September 28, 2010

Standing Corrected

Okay, when I wrote yesterday that "None had a cork," what I meant to say...

I don't actually know what I meant to say. As usual, I wasn't paying very close attention. At the Lab, "not paying close attention" is often a euphemism for "drunk." And what I missed was a fairly obvious "cork" in the bottle of the Ocean Eight Chardonnay on my desk. But it's actually not really a cork, in the traditional sense of the term. It's a polymer-mash of neutered and neutralized cork bits and urethane manufactured and marketed by DIAM. A "French company" that makes "cork".

As a side note, anyone who has ever worked in France knows exactly why I put "French company" in quotes.

So it's not really cork, and if you believe Diam's marketing materials, then the Section Eight Chardonnay still holds true within my category of Aussie Chardonnays that are sensational and not sealed with corks (no quotes).

And as long as I'm improving on yesterday's post, let me add this note on tasting notes.

Champagne-ologist extraordinaire, Peter Liem, has recently penned a piece for the World of Fine Wine's new blog. His point, if I may be crassly reductionist, is a paraphrase of what William Hurt's character in the Big Chill says about a late night TV classic: "Sometimes you just have to let art... flow... over you."

As another side note, the proliferation of wine blogs is truly astonishing. I'm thinking that perhaps it's time the Lab finally got one...

Liem's point is a concise and learned expression of a thought I've been kicking around since this post. And I guess it boils down to this for me: I really only want to drink wines that cannot be reduced to their constituent parts. I want to drink great wines (and no, dear Chinese readers, that does not mean expensive ones). And I want to let them... flow... over me.

Like Mike Aylward's Section Eight Verve Chardonnay which has such great cut and precision. And beguiling aromatics. It's like --

Sshhh. Just drink it.

September 27, 2010

Down Under on the Other Side of the World

Little did I know that when I began my first "dig for China" as a small child on a sandy, California beach, that I would make it here, almost 40 years later.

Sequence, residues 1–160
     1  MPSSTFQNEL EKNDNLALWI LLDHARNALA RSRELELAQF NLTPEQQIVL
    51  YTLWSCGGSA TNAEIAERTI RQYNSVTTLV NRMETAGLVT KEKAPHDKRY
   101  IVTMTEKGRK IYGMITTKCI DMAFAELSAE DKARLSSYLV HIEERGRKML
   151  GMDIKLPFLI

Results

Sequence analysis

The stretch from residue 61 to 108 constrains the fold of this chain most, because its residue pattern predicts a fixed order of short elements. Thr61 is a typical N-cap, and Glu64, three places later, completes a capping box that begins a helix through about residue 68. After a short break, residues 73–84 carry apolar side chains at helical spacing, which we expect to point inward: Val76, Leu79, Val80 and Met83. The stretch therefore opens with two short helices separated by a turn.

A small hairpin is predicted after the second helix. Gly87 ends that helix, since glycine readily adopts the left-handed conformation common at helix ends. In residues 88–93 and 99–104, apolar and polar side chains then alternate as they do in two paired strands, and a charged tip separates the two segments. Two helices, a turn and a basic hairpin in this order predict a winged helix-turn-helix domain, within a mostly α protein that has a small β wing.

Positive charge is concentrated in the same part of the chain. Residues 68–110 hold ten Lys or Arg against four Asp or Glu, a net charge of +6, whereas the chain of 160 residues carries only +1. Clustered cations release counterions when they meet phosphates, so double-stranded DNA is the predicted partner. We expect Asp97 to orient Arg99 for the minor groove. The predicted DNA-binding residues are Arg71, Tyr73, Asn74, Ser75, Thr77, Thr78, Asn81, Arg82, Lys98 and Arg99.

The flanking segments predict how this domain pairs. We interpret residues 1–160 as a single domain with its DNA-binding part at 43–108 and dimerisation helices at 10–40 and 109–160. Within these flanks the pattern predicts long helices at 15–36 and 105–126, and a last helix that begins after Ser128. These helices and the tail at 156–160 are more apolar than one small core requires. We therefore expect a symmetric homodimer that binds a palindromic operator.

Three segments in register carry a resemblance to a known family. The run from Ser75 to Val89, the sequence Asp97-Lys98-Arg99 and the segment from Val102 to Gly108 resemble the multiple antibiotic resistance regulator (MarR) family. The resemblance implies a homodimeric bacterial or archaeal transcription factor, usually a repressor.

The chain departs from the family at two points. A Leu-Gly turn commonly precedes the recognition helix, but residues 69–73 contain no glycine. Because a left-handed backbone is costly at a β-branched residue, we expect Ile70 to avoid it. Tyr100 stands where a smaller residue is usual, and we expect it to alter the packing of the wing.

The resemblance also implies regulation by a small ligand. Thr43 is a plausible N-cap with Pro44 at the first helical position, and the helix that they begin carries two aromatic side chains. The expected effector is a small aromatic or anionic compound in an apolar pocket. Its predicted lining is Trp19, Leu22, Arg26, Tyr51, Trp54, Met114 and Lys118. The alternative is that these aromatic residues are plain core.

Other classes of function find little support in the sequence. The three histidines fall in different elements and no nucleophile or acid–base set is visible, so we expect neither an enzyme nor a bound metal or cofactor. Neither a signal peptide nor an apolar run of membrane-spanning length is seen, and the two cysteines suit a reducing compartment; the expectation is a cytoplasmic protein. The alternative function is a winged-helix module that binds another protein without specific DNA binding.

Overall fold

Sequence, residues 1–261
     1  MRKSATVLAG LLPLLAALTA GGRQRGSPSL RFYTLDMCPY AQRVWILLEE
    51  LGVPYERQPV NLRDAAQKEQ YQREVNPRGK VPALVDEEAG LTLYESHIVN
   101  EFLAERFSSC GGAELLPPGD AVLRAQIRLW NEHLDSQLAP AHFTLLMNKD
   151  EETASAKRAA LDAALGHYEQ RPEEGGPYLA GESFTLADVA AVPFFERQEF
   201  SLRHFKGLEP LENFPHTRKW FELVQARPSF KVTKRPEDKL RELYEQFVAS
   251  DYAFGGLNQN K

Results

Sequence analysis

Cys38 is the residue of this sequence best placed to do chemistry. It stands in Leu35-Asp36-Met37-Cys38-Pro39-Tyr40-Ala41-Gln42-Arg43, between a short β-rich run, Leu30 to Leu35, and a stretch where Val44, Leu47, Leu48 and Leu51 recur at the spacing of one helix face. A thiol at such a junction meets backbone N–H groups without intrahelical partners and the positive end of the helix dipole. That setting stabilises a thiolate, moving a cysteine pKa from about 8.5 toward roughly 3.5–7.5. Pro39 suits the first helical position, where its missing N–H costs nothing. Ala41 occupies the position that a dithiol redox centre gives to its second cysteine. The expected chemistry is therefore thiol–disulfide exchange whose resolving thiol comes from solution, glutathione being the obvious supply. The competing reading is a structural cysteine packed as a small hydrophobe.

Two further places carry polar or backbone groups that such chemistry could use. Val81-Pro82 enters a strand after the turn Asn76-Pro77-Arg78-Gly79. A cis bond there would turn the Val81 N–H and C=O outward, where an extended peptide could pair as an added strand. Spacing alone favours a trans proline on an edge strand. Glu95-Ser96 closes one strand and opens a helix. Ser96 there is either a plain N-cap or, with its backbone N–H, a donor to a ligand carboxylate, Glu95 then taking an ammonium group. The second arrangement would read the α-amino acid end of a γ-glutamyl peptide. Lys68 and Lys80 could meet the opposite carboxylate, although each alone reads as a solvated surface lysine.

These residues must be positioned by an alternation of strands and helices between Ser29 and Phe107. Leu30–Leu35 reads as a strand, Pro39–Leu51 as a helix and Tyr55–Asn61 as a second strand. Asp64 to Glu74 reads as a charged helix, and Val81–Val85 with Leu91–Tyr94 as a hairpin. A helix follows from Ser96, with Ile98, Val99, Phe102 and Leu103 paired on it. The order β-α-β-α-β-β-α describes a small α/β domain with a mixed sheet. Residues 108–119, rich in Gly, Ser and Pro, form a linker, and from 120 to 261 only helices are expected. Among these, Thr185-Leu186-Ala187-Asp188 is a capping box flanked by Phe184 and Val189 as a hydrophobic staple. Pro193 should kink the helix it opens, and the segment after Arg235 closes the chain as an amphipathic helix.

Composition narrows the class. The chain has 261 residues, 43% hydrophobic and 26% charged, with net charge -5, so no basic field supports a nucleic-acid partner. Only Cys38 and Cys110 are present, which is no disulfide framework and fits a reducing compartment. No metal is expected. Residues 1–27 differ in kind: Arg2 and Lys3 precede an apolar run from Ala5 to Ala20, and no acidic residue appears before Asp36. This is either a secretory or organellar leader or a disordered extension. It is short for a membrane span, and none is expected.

Cute, huh?

But I hate that sort of sentimental crap. For much the same reason, I hate corks. Nostalgia for corks is like all other forms of nostalgia... borderline proto-facism. Think I'm wrong? Read Mussolini's early writings (with Gentile). But you don't have to be Antonio Gramsci or suffer through a Tea Party rally to understand that warm feelings for idealized history are the first step on a road to labor camps.

I don't want to get into the cork debate. Because there is no debate. The baseline science is there. This is like global warming. You either get it. Or you're wrong.

But I will posit my disdain for cork as a reason why I've had so many astonishingly good Australian Chardonnays since I arrived in Hong Kong. Australia has all but given up on corks and so I'm favorably disposed towards the wines when I see them here.

Of course, it might also have something to do with the multi-million dollar marketing campaign the Australian wine industry has recently launched in China.

Anyway, here's a short list of great Aussie Chardonnays I've had recently in Hong Kong:

Leeuwin, Art Series, Margaret River, 2006
Yabby Lakes, Mornington Peninsula, 2007
Mas Serrat, Yarra Valley, 2006
Ocean Eight, Verve, Mornington Peninsula, 2008
Punch, Lance's Vineyard, Yarra Valley, 2008

Two of these, the Mas Serrat and the Yabby Lakes, were made by the same guy, and made quite elegantly. The Leeuwin was so good I was convinced it was Burgundy (thanks Roger; both times). I'd actually been avoiding these wines for the past few years, thinking they were too expensive. The 2006 (and 2007) are well worth the money. I can't say enough about the whole range from Ocean Eight; but it's the Pinot that's the killer. And the Punch Chardonnay is consistently unique and site-specific. It's a vineyard I'm sure I will recognize on sight.

You would be doing your cellar a favor to buy any of the five.

None had a cork (well... correction forthcoming...).

September 16, 2010

A Little Help with Tasting

Sorry for the long delay between reports. I'm adjusting to the local culture, and nobody really does jack in Hong Kong during the summer. In fact, most of the expat crowd bails the island. But Fall is here. I know this, not because the temperature has changed. It hasn't. It's still basically a rice cooker beyond the air-conditioned confines of the Lab. But I know the season has turned because there's a line at my favorite coffee shop in the morning and all the tables are filled with women who don't play tennis but wear diamond tennis bracelets anyway.

Another aspects of Hong Kong culture I've been adjusting to is the abundance of skilled domestic labor from the Philippines. The market is heavily regulated by the regional authorities. But if you can maneuver through the forms and bureaucracy, you can get what' s known in the local parlance as a "helper."

I decided to get two.

Because I think the helper is a fantastic concept. Now that my responsibilities are reduced at home, I have a lot more time to drink. The Philippines should probably be making a better effort to export this thing globally.

At the Lab, we've been cataloguing and organizing the wines shipped to our new Guangzhou cellars. We've run a few tests on overseas shipping as well which we'll report on soon. But I grabbed an orphan bottle and brought it home last night, to see whether we can further reduce labor costs at the Lab.

I'm growing weary of writing tasting notes. So I poured a glass of a recent vintage Burgundy from bio-dynamic stalwart Hubert Lamy for one of the helpers and asked her what she thinks.

"This is very good, sir," was her reply.

I think she had it about right.